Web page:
Pro Wrestling

10 Things We Learned From TLC 2015 Source:

This Sunday, Roman Reigns got yet another chance to become the WWE World Heavyweight Champion, after falling short so many times before, as he faced Sheamus in a TLC Match. But that wasn’t the only potentially brutal match on the card, as tables, ladders, and chairs were thrown around with wild abandon, and the result was…a Pay Per View that wasn’t as bad as some might have feared. It wasn’t a show that blew anyone way, but it had some good matches, and one impressive development as the Pay Per View ended. One way or another, we could be looking at a whole new era getting underway in WWE. As always, we try to make these events a learning experience, so here’s everything we learned while watching TLC 2015.

10. The 12 Days Of A Horrible Parody

Look, we get it. You don’t want Sasha Banks to get cheers in her hometown of Boston. It’s understandable, she’s supposed to be a heel. Although to be fair, it would help a lot if you’d start letting the faces of WWE be half as entertaining as the heels. But what that means is giving the good guys better material, not deliberately (because that had to be intentional) giving the heels terrible stuff like, say, a poorly-written parody of “The 12 Days of Christmas”, so the crowd will boo. Anyone can write terrible material, WWE did it last Monday when they sent their alleged top face in the company out to the ring to repeat the words “Tater Tots” incessantly. But you’re ruining the entertainment value of the show by doing it. Source:

9. The Lucha Dragons Are Insane

If a picture is worth a thousand words, an animated .gif has to be worth a million or so, right? Source:

In a match where six people tried to kill each other and themselves with ladders, and at least made people fondly remember the classic Hardy-Dudley-Edge & Christian bouts of the Attitude Era, that would be the big spot that’s going to be on highlight reels (and “Don’t Try This At Home” advertisements) for years. The fact that they even thought a spot like that would be possible and then actually decided that they’d be okay with doing it speaks volumes about the insane dedication of professional wrestlers (and also their relative intelligence, but that’s another story). The match was everything you could want to start off a Pay Per View, and also a very good ladder match, which is a gimmick that hasn’t had many truly outstanding matches in recent years. It seems like every year there’s an incredibly late contender for Match of the Year lists, and while this almost certainly won’t top any of them, it is a definite Top 10 contender. Source:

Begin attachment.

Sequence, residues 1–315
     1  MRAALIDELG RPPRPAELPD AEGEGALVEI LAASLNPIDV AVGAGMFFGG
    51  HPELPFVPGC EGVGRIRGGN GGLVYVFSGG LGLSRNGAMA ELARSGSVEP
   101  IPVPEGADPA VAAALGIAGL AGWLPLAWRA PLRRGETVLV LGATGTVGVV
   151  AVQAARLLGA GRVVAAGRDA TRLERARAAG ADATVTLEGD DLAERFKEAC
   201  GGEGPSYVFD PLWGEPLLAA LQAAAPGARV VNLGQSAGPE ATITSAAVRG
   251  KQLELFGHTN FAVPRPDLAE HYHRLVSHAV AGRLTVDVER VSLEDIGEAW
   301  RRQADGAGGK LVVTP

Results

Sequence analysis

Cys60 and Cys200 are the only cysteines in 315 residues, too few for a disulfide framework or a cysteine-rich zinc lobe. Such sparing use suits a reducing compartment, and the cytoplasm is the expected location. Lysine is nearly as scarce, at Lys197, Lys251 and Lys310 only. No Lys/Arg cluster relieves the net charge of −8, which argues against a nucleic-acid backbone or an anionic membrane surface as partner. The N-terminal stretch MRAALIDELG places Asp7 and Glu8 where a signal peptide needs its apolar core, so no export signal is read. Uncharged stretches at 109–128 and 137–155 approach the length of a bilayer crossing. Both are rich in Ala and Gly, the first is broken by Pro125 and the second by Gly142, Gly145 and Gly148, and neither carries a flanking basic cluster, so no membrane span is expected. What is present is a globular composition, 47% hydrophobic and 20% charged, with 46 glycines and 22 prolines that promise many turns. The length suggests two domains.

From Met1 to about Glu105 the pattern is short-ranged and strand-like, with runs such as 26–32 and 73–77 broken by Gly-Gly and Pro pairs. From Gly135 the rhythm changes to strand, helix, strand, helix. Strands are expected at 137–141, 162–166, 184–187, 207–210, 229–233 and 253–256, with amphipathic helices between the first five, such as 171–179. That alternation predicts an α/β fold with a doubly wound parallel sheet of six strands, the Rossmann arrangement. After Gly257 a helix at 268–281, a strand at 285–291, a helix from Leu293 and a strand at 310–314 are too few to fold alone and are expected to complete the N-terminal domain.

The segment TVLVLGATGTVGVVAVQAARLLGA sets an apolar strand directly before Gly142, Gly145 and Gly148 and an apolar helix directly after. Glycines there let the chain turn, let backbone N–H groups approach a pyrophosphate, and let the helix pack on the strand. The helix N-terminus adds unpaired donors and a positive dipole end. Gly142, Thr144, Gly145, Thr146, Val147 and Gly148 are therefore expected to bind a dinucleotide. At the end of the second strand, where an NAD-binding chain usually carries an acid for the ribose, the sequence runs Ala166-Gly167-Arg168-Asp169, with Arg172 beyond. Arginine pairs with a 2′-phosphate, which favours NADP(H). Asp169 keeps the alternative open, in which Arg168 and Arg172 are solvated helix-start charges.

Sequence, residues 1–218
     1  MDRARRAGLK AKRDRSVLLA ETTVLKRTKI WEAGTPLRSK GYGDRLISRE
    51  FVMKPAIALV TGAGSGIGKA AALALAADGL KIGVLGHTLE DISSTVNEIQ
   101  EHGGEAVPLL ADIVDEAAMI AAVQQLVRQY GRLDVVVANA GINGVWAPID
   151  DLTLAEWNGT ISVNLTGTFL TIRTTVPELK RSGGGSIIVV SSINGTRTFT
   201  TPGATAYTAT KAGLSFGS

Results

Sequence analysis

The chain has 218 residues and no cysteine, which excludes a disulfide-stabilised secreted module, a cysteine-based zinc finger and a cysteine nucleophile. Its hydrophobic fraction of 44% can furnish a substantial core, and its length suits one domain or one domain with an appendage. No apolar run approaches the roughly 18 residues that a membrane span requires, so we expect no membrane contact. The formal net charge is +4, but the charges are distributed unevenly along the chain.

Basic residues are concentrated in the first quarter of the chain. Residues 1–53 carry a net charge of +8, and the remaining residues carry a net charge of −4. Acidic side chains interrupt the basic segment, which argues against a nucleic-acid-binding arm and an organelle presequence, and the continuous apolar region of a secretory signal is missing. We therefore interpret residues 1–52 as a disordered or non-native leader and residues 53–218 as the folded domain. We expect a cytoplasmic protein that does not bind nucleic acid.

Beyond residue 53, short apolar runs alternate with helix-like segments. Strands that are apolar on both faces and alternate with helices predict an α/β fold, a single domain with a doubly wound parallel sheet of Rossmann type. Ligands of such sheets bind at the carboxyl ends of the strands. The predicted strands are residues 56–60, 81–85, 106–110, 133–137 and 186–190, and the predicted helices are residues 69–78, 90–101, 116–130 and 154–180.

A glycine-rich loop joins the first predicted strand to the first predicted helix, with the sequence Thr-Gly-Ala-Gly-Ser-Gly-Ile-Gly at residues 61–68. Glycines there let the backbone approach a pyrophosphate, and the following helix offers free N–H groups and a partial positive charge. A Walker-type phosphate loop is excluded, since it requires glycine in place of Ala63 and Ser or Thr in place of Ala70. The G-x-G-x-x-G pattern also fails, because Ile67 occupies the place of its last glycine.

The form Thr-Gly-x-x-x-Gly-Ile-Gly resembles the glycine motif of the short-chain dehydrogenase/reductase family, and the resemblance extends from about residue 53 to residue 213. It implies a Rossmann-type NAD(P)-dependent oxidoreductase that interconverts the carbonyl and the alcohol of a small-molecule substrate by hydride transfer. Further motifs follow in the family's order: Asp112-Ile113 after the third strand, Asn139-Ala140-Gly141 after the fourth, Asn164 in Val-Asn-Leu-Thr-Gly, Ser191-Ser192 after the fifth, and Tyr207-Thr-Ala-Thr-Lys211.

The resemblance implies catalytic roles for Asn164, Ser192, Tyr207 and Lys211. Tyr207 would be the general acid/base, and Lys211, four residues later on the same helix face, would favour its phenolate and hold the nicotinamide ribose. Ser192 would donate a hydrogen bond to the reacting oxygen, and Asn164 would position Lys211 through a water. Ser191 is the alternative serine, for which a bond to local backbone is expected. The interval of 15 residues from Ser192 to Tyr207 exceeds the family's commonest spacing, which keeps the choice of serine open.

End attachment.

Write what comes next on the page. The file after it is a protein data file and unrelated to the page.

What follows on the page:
8. Rusev Is Still The Good Guy

Over the summer, when we were trapped in the depths of the ridiculous Rusev-Lana-Dolph-Summer soap opera, a lot of people started to see Rusev as the good guy. Yes, he occasionally said unforgivably mean things, but he was under a lot of stress and clearly regretted lashing out. Meanwhile, his ex-girlfriend was taking every opportunity to show off how happy she was with her new boyfriend, and when Rusev tried to move on, his new manager seemed like she was also betraying him for the same guy (who, it must be said, was also acting like a dick). Who wouldn’t feel sympathy for that guy? Now that Rusev and Lana are back together and happily engaged, WWE seems to be trying to tell us that love is a crime and they’re disgusting people for…wanting to be together forever? Seriously, though, when even the pre-match video package makes Ryback look like an asshole for repeatedly interrupting two people declaring their undying love for one another, it really feels like WWE has lost the thread on what makes someone a good person. Source:

7. Chairs Matches Don’t Make Sense